Bayard Rustin and Non-Violence in the Civil Rights Movement
A look at the first person to teach the civil rights groups in the South the non-violent methods of protest that were instituted in the fight for freedom during 1957-1964.
This paper tells of Bayard Rustin and his principles of non-violence taught within the Civil Rights Movement. It gives information on Rustin’s life, the basic ideas and precedents of his philosophies, and how his ideas were applied to the Civil Rights Movement.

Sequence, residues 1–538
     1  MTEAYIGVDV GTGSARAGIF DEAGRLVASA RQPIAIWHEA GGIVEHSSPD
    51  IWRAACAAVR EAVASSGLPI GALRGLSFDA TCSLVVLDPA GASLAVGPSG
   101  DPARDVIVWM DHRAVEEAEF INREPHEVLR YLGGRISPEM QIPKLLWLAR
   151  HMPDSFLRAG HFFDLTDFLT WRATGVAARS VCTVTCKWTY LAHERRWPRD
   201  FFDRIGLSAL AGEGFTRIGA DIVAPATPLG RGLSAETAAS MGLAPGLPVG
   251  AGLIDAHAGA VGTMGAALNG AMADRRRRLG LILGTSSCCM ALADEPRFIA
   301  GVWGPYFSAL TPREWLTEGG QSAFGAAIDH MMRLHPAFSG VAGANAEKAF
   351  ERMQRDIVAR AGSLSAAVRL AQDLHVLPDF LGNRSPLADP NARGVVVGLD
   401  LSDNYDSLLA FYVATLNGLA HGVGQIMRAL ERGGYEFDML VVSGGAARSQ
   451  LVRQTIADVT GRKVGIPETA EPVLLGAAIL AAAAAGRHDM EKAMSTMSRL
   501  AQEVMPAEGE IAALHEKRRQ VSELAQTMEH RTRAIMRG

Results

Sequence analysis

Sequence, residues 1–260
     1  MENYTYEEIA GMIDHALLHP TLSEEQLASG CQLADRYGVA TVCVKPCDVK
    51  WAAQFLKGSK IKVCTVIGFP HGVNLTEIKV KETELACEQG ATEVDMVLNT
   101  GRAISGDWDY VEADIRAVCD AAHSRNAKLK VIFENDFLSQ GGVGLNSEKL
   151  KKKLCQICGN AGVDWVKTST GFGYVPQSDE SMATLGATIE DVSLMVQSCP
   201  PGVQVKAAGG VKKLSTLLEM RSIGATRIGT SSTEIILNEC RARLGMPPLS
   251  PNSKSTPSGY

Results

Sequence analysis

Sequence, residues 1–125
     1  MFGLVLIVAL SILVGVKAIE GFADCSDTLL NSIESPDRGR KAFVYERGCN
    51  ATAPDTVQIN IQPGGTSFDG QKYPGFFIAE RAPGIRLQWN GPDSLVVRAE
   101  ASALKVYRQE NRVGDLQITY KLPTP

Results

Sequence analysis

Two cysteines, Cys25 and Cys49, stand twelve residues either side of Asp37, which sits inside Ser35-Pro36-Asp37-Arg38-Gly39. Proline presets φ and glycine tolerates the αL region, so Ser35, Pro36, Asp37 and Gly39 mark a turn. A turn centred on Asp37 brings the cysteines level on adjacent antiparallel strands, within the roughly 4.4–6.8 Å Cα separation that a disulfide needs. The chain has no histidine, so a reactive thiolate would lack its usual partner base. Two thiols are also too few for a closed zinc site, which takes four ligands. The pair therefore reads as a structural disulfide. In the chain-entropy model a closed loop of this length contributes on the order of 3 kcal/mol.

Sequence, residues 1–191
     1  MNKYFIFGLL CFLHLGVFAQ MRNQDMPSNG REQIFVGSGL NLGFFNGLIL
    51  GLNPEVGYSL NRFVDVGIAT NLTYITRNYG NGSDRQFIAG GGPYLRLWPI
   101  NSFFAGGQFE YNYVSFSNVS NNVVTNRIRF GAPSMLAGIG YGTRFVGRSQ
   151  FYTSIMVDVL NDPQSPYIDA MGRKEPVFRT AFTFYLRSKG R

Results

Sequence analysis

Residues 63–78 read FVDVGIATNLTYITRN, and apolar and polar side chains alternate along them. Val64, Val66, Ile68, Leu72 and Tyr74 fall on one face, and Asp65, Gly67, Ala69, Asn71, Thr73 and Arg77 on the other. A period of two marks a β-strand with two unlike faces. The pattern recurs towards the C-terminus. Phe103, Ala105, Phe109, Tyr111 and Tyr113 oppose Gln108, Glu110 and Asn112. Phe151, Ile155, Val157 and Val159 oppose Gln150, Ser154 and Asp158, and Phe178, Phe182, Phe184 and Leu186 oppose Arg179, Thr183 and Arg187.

The Civil Rights Movement can best be described as a series of massive, non-violent, and highly publicized protests that took place throughout the Southeastern United States during the late 1950’s on through the 1960’s. The main objective of the Movement was to integrate the rigidly segregated South and obtain legislation that would protect violations of the Constitutional rights of African-Americans. The mostly peaceful demonstrations became so large that the nation could no longer turn its head to the problem that it faced as a whole with racism and discrimination. Bayard Rustin first taught the civil rights groups in the South the non-violent methods of protest that were instituted in the fight for freedom during 1957-1964. Such organizations as the Southern Christian Leadership Conference (SCLC) and the Student Non-Violent Coordinating Committee (SNCC, pronounced Snick) would not have been successful without the guidance, instruction, and precedent that Rustin gave to the Movement. The main pieces of legislation that Rustin helped secure during this particular time in American history were the Civil Rights Act of 1964 and the twenty-fourth amendment to the U.S. Constitution.